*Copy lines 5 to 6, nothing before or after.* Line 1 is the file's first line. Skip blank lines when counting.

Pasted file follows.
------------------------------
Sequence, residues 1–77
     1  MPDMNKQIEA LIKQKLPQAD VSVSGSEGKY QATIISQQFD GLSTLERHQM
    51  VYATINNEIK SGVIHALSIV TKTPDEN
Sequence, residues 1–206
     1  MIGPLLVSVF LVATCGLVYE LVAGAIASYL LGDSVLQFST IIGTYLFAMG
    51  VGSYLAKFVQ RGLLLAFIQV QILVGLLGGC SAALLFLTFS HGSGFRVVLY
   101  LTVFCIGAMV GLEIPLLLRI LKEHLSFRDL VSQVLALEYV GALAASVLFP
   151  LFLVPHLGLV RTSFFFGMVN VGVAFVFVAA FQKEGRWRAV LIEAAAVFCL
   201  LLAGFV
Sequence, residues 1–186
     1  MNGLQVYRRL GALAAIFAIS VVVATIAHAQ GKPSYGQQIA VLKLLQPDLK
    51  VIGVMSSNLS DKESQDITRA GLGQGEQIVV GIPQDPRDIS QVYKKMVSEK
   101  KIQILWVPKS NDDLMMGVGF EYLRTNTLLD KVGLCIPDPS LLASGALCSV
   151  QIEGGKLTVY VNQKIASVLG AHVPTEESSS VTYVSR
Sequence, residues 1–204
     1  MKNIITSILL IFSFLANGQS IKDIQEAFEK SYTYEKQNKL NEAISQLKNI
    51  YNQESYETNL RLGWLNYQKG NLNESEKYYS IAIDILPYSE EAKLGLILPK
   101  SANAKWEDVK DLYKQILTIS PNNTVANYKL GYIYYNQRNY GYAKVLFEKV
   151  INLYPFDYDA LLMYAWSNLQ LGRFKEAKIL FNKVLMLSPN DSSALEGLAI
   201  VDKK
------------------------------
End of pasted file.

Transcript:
     1  MIGPLLVSVF LVATCGLVYE LVAGAIASYL LGDSVLQFST IIGTYLFAMG
    51  VGSYLAKFVQ RGLLLAFIQV QILVGLLGGC SAALLFLTFS HGSGFRVVLY